The Weather, The Holidays and a Winter Square Dance
I got to kick off my holiday vacation with the KBOO Winter Square Dance. Our own Saturday-morning bluegrass host Dave Elliot and his band Loafer opened, and then we got introduced to square dancing with Paul Silveria and Ebenezer. The Too Loose Cajun Band brought it all home at the end of the night with their performance. Even for a non-dancer like myself, the KBOO square dance was a lot of fun! And it felt inclusive for anyone who showed up. I was talking to one of our board members, Joe Azavedo, about how I’d hoped to stop by the thrift store and pick up some blue jeans and a plaid shirt, but I hadn’t managed due to the weather. He said, “That’s the great thing about a KBOO square dance: You can just come as you are, just be yourself, and fit right in!” It was a great time, raised money for the station and was a fun community event...
Along with the good times at the radio station, it was wonderful to slow down the past couple of weeks thanks to vacation, personal practice, and the beautiful snowstorms. I remember when I started at KBOO ten years ago, we had a couple of months in the winter and a couple more in the summer where the pace let up pretty much station-wide. I was Membership Coordinator back then, so part of it was the membership-drive schedule, but the whole organization had more seasonality. Like so much else about our lives in the “information age“--work seems to have gotten faster and fuller. These days, there seems to be only one season--the busy season. But you know what? We can do something about that.
I had a grant deadline before I left on vacation, and a friend suggested to give myself a lot of “spaciousness” around it. So I blocked out time to work on it, went home after eight hours instead of working until late in the night, followed my breath and relaxed. The FedEx deadline was 3pm on a Wednesday. At 10am, I was still gathering final details (from this month-long project) for the narrative, equipment list and budget. At 11am and noon we were assembling eight copies of the six-panel packets. And then it was done. It would've been easy to stress out, but it was all fun in the end.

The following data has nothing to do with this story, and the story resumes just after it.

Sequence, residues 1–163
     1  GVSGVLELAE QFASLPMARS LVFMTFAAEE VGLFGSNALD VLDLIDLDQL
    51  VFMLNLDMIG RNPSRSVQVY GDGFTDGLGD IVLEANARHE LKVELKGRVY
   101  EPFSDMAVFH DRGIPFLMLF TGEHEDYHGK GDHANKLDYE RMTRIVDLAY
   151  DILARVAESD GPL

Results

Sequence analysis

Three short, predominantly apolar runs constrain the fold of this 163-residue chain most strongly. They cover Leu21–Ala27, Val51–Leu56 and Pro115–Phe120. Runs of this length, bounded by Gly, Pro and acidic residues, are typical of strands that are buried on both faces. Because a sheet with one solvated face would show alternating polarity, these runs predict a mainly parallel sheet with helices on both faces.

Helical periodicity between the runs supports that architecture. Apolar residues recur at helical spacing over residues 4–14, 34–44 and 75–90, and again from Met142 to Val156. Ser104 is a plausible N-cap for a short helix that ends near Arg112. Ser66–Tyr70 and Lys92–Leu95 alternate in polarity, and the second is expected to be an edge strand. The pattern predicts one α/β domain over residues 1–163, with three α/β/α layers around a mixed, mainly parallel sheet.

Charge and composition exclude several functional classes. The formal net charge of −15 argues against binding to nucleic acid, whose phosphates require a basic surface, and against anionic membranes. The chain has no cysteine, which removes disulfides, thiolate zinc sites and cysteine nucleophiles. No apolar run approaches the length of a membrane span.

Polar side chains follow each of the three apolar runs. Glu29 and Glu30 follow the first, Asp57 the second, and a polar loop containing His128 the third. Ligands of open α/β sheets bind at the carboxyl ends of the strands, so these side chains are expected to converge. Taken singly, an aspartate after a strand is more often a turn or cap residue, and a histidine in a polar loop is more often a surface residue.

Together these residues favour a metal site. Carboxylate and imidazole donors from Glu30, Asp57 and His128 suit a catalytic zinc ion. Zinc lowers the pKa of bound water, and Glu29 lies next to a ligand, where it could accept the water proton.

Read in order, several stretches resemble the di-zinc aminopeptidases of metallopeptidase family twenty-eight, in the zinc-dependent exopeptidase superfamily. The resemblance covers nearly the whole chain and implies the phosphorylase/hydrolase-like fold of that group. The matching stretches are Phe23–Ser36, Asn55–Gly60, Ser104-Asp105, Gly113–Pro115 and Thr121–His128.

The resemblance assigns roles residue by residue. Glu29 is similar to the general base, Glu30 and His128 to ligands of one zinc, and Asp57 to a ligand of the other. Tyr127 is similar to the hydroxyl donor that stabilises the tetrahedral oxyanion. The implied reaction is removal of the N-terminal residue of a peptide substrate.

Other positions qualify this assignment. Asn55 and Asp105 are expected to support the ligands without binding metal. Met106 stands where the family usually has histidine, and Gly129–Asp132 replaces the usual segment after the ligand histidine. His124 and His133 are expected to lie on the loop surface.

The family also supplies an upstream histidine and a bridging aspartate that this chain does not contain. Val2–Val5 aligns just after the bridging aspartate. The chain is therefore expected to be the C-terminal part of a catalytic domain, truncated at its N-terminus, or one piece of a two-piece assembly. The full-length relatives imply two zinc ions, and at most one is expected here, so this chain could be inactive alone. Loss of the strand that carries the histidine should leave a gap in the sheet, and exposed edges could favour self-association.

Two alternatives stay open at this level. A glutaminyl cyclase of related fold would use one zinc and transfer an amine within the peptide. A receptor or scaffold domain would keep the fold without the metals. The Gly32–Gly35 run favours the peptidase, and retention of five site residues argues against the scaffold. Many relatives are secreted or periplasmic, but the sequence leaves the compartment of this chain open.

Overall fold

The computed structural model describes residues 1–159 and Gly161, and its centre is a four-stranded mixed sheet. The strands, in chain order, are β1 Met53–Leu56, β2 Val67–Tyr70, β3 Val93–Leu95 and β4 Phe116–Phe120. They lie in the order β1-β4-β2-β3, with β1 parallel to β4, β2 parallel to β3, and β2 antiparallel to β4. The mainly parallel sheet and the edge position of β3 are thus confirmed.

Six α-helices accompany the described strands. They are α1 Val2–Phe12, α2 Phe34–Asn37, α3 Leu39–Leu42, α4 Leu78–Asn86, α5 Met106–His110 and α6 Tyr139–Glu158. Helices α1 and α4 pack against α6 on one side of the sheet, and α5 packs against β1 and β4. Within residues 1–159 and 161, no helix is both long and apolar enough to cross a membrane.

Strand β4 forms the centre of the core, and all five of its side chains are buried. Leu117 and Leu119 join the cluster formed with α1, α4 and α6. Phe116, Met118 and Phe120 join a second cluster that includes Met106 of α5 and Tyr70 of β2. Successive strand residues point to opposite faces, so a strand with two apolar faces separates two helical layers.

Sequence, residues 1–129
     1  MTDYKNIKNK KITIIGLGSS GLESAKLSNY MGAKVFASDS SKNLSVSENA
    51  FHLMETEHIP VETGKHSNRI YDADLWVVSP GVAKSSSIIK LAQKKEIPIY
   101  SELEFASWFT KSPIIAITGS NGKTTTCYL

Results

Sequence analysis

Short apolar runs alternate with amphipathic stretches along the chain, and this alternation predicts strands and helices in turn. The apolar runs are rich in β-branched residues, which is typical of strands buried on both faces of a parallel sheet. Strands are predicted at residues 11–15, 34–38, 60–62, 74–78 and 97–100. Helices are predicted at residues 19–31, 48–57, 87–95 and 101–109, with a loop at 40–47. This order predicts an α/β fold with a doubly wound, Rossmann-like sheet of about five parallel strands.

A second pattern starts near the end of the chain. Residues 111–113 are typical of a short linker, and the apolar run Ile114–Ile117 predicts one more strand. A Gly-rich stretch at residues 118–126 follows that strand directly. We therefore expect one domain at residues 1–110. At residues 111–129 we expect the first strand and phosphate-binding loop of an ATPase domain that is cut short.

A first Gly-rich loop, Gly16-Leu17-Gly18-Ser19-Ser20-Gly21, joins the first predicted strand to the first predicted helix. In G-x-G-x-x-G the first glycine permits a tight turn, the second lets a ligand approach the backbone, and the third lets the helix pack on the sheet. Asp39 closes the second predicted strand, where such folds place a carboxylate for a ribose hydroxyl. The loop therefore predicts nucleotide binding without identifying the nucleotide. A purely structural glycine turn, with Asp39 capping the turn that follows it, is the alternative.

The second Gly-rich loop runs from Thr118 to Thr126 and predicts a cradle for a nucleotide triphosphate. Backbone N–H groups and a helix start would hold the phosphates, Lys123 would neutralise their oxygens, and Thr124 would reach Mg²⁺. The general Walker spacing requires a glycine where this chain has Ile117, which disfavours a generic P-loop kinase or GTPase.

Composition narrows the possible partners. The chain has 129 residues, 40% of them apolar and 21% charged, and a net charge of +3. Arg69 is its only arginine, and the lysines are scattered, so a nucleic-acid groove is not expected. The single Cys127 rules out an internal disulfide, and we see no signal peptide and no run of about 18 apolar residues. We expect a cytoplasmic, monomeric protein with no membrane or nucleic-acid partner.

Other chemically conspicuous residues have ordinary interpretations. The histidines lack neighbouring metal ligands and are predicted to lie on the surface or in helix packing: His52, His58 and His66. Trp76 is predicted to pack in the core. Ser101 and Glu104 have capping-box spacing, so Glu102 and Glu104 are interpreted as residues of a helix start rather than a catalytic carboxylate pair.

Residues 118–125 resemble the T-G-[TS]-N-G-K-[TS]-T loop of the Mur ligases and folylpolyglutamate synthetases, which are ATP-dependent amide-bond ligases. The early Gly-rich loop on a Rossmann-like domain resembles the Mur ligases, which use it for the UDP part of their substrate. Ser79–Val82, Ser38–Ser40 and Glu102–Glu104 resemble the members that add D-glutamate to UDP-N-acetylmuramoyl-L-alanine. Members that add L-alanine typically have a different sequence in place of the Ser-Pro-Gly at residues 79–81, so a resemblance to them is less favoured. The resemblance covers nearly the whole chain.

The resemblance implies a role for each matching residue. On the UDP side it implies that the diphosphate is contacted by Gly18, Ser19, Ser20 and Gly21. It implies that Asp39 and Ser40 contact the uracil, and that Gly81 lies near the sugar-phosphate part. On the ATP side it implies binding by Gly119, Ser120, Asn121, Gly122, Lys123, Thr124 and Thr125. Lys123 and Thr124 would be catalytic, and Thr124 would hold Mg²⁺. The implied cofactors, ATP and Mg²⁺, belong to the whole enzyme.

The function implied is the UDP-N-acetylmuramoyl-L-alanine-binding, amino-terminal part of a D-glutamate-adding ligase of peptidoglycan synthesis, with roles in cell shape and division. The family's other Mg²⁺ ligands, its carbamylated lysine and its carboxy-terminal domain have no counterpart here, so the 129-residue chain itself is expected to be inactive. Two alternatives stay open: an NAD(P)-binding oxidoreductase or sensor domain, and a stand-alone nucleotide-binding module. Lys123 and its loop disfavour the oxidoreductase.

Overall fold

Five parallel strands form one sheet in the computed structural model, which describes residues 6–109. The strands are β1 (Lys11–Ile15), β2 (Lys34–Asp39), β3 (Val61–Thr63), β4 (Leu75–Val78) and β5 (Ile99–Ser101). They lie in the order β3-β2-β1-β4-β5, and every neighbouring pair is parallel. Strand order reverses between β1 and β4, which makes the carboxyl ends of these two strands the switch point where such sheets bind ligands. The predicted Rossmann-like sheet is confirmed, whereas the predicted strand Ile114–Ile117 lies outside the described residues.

I was grateful to the weather--and even to the TV-news "severe weather alert teams"--because all the predictions of bad weather made it easy to go home at 6pm when I could've justified another three or four hours at the computer. Especially coming this time of year, the snow really did help our city slow down, and it made everything quiet and beautiful. Most of us have been fortunate to have electricity through it all, the busses have been running, and the grocery stores are stocked with food. There was a lot to be grateful for and space to appreciate it. From this place, I did my personal work of being present in the moment, following the breath and practicing acceptance.
This kind of personal practices is part of the work that we do here at the station. Because we’re a community organization, it’s important for each of us to consider how our actions and our state of mind help the people inside the station and in our larger community. It’s true that changing the world starts with changing ourselves, and we’re fortunate to be part of a group that really does want to change the world in positive ways.